Warm memories

Dinner:  November 12, 2008

Growing up, there were certain dishes I always looked forward to eating when our extended family would get together on holidays. Aside from the obvious “anything Grandma made,” there were the bubbling, creamy, cheesy casseroles. One in particular, made by my Aunt Carmen, was a favorite: florets of broccoli and cauliflower, plus whole brussels sprouts, blanketed in a mixture of cream soup and shredded cheese, then baked. If there was ever a way to get a kid to eat her vegetables that was it, and I often had multiple servings.

So when I tried to think about what to do with the two heads of cauliflower I had brought home from the farmers’ market (so pretty I couldn’t resist them), my thoughts turned back to that dish. We had always had it as a side to roast turkey or baked ham, but why couldn’t it stand alone as a main course?

I haven’t kept canned soup around for years now, so my first step was to make a white sauce. We had four strips of Pat’s Pastured bacon in the fridge, so I cut that into chunks and fried the pieces until crisp, figuring I’d use the fat for my roux. While the bacon drained, I whisked some flour into the bacon fat, then added equal amounts of milk and cream, stirring it until it was well-blended. I added a pinch of salt and some Herbes de Provence, then the cheese – about a cup of Morbier, diced into small cubes.

When the sauce was smooth and the cheese melted, I added the crispy bacon pieces and poured the mixture over my cauliflower (lovely purple cauliflower and spiky green Romanesco, broken into florets) in a buttered baking dish. I had spritzed an ounce or so of white vermouth over the cauliflower first, so after I added the cheese sauce I tossed everything through until it was mixed and the cauliflower evenly coated. I covered it with foil and placed it into a 450 degree oven for about 20 minutes, then took it out, removed the foil, and covered the top with very coarse fresh breadcrumbs. It went back into the oven for another 20 minutes or so, until the top was well browned and the sauce bubbly.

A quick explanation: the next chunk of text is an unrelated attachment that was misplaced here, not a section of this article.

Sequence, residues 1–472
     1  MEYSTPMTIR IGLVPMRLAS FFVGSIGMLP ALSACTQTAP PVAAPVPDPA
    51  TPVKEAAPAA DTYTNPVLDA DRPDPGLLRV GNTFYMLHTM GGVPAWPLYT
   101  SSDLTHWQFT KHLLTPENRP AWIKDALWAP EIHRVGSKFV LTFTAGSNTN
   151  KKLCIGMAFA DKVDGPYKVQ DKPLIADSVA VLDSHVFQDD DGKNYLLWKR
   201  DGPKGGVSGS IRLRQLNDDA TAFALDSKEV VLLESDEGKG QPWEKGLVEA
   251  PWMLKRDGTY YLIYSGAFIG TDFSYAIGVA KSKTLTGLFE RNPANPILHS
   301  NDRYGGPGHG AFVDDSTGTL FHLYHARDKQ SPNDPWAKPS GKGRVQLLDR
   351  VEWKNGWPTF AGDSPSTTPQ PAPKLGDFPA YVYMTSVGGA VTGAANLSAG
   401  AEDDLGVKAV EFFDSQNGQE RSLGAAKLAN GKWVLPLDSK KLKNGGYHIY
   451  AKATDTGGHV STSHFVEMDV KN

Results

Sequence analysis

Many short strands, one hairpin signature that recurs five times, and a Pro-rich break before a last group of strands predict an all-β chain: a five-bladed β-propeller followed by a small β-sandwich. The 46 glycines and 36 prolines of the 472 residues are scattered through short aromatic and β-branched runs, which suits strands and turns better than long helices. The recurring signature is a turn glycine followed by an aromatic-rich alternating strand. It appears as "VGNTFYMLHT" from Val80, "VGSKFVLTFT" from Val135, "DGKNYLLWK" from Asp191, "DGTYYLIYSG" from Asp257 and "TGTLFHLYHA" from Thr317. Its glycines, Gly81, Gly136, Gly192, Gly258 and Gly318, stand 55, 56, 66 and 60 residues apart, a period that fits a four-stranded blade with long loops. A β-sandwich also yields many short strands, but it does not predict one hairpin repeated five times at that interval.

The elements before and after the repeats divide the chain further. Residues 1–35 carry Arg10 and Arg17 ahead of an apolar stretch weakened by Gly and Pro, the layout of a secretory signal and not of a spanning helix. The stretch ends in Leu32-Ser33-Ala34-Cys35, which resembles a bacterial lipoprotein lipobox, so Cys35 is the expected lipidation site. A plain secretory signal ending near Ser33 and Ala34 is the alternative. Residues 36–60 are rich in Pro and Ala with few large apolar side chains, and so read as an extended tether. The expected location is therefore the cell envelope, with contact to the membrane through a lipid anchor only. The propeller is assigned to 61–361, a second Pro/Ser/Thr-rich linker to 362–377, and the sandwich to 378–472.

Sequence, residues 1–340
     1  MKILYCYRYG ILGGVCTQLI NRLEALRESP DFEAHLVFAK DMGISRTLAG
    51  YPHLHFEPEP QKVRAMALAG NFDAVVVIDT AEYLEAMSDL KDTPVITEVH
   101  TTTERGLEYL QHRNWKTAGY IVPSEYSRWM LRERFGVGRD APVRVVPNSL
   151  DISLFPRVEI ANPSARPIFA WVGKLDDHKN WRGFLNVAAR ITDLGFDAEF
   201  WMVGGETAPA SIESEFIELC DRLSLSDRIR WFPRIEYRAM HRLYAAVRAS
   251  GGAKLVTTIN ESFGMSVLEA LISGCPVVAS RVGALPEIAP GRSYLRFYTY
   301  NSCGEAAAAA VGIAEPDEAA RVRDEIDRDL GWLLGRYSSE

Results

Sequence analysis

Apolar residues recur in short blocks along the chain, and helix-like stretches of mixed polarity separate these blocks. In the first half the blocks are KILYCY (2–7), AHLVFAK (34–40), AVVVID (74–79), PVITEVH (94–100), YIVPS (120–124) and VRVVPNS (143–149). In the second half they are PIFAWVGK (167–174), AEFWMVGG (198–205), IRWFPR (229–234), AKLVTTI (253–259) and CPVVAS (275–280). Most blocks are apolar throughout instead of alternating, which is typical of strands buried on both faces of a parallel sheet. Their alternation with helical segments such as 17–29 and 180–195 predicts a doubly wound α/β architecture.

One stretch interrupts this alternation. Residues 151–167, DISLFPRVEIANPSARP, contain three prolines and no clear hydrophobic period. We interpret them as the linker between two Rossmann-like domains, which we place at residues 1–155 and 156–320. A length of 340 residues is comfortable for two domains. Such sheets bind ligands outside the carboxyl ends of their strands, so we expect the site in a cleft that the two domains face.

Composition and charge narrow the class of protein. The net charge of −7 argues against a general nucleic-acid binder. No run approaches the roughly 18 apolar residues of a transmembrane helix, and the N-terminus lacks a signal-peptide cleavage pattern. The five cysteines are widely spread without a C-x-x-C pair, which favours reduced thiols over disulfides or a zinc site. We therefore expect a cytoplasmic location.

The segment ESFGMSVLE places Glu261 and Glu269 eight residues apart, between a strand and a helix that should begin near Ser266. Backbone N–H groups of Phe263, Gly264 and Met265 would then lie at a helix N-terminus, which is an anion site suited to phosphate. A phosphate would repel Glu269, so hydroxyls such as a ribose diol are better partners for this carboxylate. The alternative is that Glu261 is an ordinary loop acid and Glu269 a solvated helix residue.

I went a little light on the salt, anticipating that the bacon would be saltier than it was, but it could have used a pinch more. I also think this would have benefited from a little mustard in the sauce – dry or Dijon – to balance out the richness of the cream and cheese. Overall, I’d say this was a success, if not for the faint of heart.

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13 thoughts on “Warm memories

  1. What pretty purple cauliflower. I do like mustard (and a sprinkle of nutmeg) in bechamel…

    No need to cook cauliflower first? Sounds easy and delightful, and possibly slightly more healthy than the macaroni and cheese I usually make when I’m in a baked-goey-creamy mood.

  2. Jennifer Hess says:

    maggie – I didn’t cook the cauliflower first, you are correct! I wasn’t sure how it would turn out, but I did want it to retain a bit of texture – that’s why I added that bit of vermouth to give it a bit more liquid to cook in. And happily, it worked! It was fork tender but not mushy at all.

  3. you put me to shame, you know what i would have done if i needed soup and i didn’t have any? SOY SAUCE.

    now that you are outside of NYC, with all the cash you are no doubt saving you can finally open that Diestchyblossom Cafe we’ve all been waiting for!

  4. Mmmmmmmm yummy that sounds, and looks, delicious! I made roasted cauliflower Monday night…mmmm….gotta make some more soon! also (note to self) look for some heads in different color. I agree about the mustard…would use a pinch of dry Coleman’s.

  5. Laura says:

    I was totally inspired by this last night. I didn’t have enough cauliflower (or such beautiful cauliflower… sigh…) to fill an entire casserole, so I added some tiny shell pasta and ended up with a kinda mac-and-cheese + creamed cauliflower thang. And it was GOOD.

    So thanks for the delicious dinner! :)

  6. christine says:

    I made this the other night, although not exactly by the recipe (it’s a compulsion) and it tasted great. The liquid that cooked out of the c’flower made the sauce a little thinner than I would have liked, next time I’ll make more roux. Thanks for the idea!

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